“The West believed that, aside from begottenness, everything that the Father has He gave to the Son.”

    >>>Did you mean unbegottenness?

    “while preserving the West’s concern that the spiration of the Spirit does not leave the Son “out in the cold,”

    >>>On the contrary, I agree with Jason Loh’s remark, “IOW, to make divine causality a common attribute between the Father and Son leaves *************the Holy Spirit********** “out in the cold.” ”

  7. John said,

    October 24, 2012 at 4:00 pm

    One of the problems is that if generation happens from the Father and the Son, then from what “thing” does generation come from? Imagine you draw a flow diagram. You can’t draw the arrow from the Father, nor from the Son alone, so what thing does one put between them from whence the generation happens?

    If you want it so the Father just gives Spiration to the Son, and doesn’t do it himself, then you just gave up one of His distinctives. The only reason the members of the trinity are not just three indistinguishable things is their distinctives. If the Father gives up a distinctive that is specifically given to Hiim in scripture, then its a problem.

    The most common solution is the economic spiration. The Father sends the Spirit to the Church in time and space through the Son. This is something both sides can possibly agree on more easily, except that it redefines spiration as meaning eternal in the context of the creed.

  8. olivianus said,

    October 24, 2012 at 4:01 pm

    Bryan Cross,

    “Hence there is spiration only from the Father-and-Son (i.e. the Father-as-self-known), not two spirations, one from the Father and one from the Son”

    >>>This is making the Son and the Father that Same subject.

    “each spiration partial (lest there by two Holy Spirits, one from the Father, and one from the Son)”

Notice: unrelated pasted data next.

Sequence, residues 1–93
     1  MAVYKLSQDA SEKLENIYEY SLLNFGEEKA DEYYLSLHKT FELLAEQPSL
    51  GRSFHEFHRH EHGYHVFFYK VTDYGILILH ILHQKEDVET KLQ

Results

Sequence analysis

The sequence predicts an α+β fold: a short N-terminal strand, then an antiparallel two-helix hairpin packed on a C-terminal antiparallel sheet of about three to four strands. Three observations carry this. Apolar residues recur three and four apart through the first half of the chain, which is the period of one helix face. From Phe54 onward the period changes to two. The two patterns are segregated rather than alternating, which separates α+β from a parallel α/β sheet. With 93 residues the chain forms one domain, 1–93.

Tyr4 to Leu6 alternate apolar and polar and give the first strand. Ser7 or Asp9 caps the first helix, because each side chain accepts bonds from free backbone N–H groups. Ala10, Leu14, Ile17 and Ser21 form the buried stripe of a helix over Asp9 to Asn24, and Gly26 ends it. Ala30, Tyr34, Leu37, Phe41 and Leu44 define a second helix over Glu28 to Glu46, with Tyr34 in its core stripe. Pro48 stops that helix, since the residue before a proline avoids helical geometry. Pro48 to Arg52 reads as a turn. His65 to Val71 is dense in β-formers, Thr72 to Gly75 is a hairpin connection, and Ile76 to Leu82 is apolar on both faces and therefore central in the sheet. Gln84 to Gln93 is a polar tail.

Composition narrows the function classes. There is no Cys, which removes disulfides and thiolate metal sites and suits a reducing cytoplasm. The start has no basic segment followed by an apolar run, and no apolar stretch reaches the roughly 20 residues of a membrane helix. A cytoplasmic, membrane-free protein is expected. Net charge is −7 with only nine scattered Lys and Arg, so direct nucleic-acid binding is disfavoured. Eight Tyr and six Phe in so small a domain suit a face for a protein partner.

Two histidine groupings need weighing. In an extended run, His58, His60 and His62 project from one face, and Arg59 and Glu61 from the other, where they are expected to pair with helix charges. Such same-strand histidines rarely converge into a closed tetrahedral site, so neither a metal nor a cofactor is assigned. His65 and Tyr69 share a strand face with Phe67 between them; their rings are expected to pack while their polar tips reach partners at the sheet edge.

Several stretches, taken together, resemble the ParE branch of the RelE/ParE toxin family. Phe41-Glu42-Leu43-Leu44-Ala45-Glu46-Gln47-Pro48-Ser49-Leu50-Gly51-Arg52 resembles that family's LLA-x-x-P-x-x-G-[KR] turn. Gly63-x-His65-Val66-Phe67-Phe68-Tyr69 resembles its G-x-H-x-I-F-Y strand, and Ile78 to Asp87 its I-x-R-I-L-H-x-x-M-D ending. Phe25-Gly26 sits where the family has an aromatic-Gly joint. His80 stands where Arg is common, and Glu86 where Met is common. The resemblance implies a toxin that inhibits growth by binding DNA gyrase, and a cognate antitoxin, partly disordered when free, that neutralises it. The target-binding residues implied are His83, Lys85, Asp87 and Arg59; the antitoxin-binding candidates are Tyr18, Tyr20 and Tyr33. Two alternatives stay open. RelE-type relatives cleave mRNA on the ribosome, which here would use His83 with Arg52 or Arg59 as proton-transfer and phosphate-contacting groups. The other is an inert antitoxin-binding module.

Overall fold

>>>Photius argued that this created composition in the HS thus denying ADS. The latter is perfect while the Father’s imperfect thus presenting superiority of the Son over the Father.

    “Each divine Person has to have (or lack) something the other two do not, while each being the one God”

    >>>The one God is never referred to as a Being but as a single Person:

    This is Dr. Samuel Clarke’s letter to Mr. R.M. regarding monotheism from Clarke’sWorks, Volume 4, pages 365-368:

    “Isa. 44:6 Besides me, there is no God. Ver. 8 Is there any God, besides Me? yea, there is no God, I know not any. (the Word Me, is personal)

    Isa. 45:5 I am the Lord, and there is None else, there is no God besides me. Ver. 18 I am the Lord, and there is none else. Ver. 22 I am God, and there is none else; (not nullum aliud, no other being only, but, Nullus alius, No other Person; no other whatsoever; no other, absolutely; either of the same, or of any other essence)

    Isa. 40:25 To whome then will you liken Me, or shall I be equal? saith the Holy One. (the Words are all personal)

    Isa. 46:5 To whom will you liken Me, and make Me equal, and compare Me, that we may be like? Ver. 9 I am God, and there is none else; I am God, and there is none like Me. (the Words again are all personal)